Book Review: The Bible in Music

Robert Letellier’s productivity and his wonderful understanding of music, history, religion and context of time and place with regards to composition is brilliantly brought to the fore in this beautifully produced book, which offers such a wealth of easily digestible information.

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Book Announcement: The Orient in Music – Music of the Orient

The Orient in Music – Music of the Orient now available from Cambridge Scholars Publishing

Hardback, pp239, £61.99 / $99.95

Cambridge Scholars Publishing is pleased to announce the publication of The Orient in Music – Music of the Orient, edited by Małgorzata Grajter.

“OM”, a fundamental meditation sound present in the cultures of Buddhism, is a syllable full of philosophical and transcendental meanings. The category of the Orient, as contrasted, antithetical and complementary to the Occident (West) and its culture, appears to be one of the most interesting and long-lasting issues discussed in the humanities. European fascination with Oriental cultures has found multifaceted manifestations in science, art, fashion and beliefs. Continue reading

Book Announcement: Richard Genée’s The Royal Middy (Der Seekadett)

Richard Genée’s The Royal Middy (Der Seekadett) now available from Cambridge Scholars Publishing

Hardback, pp624, £80.99 / $137.95

Cambridge Scholars Publishing is pleased to announce the publication of Richard Genée’s The Royal Middy (Der Seekadett), edited by Dario Salvi.

In 1876, Richard Genée, the busiest and arguably best Viennese operetta librettist collaborated, this time as a composer, with Camillo Walzel on a new masterpiece; Der Seekadett. The final result was one of the best Viennese operettas of all time. The work was performed across the world for 80 years, before the advent of films and lighter musical theatre made it, and many other works belonging to the same tradition, obsolete. Continue reading

Book Review: A forgotten theatrical treasure

The fame of ‘Die Fledermaus’ is universal. With ‘Orpheus in the Underworld’, ‘The Merry Widow’, and ‘Countess Maritza’, it defines the nature and progress of the operetta genre, representing as it does, the essence of the Golden Age of Viennese Operetta. The melodies of Strauss are famous, but endemic to the success of this work are the brilliant theatrical situations and the skillfully crafted text. These were pre-eminently the work of Richard Genée.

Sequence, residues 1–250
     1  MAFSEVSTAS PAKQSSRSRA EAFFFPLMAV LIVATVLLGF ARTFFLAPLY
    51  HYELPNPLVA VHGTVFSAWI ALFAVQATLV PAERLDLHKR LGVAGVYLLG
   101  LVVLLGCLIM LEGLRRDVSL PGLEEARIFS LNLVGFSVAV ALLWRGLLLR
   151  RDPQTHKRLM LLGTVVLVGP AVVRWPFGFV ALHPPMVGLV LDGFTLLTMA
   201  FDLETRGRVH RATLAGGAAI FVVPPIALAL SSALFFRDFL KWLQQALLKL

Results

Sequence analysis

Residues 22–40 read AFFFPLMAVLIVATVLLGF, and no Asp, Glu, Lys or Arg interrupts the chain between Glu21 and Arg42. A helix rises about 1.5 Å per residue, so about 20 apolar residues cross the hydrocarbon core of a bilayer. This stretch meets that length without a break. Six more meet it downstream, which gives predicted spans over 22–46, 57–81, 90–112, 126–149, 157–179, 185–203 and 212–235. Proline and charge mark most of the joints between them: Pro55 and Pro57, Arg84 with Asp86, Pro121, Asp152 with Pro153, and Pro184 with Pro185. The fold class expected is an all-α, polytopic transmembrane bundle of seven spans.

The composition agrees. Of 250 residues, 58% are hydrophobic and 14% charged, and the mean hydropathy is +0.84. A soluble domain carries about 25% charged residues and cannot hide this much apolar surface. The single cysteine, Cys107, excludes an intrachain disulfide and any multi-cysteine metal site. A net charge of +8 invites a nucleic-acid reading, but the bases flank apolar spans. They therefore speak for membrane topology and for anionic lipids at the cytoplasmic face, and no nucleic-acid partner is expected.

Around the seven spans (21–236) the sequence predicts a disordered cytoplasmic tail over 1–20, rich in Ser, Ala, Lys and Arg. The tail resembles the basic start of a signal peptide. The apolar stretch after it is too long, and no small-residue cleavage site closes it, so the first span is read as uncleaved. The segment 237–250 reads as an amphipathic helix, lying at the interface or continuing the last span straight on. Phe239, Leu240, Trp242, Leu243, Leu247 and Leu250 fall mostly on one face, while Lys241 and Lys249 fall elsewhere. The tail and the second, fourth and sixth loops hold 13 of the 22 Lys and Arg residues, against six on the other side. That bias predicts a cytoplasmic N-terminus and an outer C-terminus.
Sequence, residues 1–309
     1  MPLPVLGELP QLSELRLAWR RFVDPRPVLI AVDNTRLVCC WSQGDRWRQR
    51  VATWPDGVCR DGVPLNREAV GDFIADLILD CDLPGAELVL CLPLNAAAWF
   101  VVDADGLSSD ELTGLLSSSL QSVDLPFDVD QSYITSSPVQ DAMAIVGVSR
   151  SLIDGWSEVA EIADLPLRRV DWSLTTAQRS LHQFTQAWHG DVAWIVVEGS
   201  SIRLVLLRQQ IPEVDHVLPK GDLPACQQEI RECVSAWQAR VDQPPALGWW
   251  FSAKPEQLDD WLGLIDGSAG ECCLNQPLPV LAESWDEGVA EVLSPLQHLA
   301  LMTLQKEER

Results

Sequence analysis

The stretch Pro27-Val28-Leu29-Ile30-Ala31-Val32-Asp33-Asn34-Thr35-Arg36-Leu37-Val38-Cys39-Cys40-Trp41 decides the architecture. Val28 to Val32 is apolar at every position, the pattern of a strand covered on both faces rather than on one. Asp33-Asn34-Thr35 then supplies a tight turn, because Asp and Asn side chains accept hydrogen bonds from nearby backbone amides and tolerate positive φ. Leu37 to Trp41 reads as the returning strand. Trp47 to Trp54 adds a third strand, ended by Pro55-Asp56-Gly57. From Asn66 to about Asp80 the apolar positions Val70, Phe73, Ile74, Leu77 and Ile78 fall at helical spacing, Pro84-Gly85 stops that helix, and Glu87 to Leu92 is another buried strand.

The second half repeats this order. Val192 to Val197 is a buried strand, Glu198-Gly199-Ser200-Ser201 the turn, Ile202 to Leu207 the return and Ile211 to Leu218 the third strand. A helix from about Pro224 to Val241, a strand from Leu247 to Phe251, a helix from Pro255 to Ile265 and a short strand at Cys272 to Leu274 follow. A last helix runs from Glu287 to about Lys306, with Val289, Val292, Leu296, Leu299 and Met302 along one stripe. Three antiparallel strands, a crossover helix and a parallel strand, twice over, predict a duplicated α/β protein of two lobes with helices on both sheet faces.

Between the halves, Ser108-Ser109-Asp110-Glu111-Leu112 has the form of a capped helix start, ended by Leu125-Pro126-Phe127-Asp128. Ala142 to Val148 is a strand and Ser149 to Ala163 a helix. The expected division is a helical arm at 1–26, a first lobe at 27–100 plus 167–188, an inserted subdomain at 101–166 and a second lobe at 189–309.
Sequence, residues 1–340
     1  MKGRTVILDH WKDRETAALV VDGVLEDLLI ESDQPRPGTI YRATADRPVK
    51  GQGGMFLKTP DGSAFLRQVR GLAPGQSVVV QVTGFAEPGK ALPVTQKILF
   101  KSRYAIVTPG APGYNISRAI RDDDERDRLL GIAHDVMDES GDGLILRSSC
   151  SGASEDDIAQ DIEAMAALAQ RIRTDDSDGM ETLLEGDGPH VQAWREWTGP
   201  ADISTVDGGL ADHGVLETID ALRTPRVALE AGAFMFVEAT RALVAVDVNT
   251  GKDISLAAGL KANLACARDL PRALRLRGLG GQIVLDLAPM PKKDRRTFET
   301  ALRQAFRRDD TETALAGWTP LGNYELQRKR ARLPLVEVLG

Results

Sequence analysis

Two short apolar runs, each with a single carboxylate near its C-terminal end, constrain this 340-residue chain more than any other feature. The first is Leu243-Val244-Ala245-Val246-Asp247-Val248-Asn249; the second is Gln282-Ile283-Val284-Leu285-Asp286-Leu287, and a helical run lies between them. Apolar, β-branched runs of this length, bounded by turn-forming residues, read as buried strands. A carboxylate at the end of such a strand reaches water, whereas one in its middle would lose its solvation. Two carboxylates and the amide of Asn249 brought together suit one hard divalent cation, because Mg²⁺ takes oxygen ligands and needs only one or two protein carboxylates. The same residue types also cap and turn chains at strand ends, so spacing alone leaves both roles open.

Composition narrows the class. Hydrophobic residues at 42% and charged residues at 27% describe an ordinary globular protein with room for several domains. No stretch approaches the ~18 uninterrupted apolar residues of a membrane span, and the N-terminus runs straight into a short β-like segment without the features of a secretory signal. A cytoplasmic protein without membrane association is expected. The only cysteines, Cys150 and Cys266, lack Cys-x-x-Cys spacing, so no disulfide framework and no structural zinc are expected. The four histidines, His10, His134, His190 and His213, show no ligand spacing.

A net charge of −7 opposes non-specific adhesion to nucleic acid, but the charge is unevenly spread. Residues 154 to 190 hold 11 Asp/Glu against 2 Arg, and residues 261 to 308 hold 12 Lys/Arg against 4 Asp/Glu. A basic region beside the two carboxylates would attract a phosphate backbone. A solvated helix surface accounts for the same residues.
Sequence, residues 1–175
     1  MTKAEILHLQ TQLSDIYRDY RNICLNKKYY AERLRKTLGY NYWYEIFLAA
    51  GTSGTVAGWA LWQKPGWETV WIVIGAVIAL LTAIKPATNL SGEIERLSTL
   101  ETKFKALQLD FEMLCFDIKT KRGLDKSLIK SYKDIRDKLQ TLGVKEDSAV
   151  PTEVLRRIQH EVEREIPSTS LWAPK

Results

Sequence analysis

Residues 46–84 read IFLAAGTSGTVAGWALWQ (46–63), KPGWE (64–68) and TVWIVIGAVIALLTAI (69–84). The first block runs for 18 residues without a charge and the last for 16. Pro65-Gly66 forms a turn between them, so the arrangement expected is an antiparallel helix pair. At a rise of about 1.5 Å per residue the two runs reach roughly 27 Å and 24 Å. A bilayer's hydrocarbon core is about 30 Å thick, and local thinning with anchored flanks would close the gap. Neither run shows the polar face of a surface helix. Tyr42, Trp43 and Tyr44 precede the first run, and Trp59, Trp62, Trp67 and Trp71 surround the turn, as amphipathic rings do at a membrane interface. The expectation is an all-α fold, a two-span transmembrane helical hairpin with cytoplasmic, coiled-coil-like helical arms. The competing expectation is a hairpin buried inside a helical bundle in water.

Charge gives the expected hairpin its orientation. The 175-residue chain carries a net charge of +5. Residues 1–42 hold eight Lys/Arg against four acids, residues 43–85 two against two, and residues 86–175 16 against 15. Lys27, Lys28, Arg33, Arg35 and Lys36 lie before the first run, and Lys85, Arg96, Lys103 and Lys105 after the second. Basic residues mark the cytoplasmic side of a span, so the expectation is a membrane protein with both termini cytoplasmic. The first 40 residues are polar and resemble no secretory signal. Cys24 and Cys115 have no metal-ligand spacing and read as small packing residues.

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Richard Genée’s “Der Seekadett”: New Edition By Dario Salvi

New operas are hard to come by these days—at least that is what I have always been told. Finding an opera house or an opera company willing to take a chance in producing a new title or reviving an old work is said to be almost impossible. Everywhere you go the operas belonging to the standard canon are performed. You could travel the world for a year and see a different production of one of these standard operas every day. But how many operettas could you find and where? Continue reading

Book Review: A Trip to Africa: A Comic Opera by Franz von Suppé

Franz von Suppé after Johann Strauss II, the most famous exponent of the Golden Age of Operetta in Vienna, is remembered today principally for his famous evergreen overtures, full of melody and orchestral panache, esp. Poet and Peasant, Light Cavalry, Pique Dame and Morning, Noon and Night in Vienna. His actual operettas have survived only in two famous instances: Die schöne Galathea and Boccaccio. Yet it was he who, following on the example of Jacques Offenbach, created the Viennese operetta with his early work Das Pentionat.

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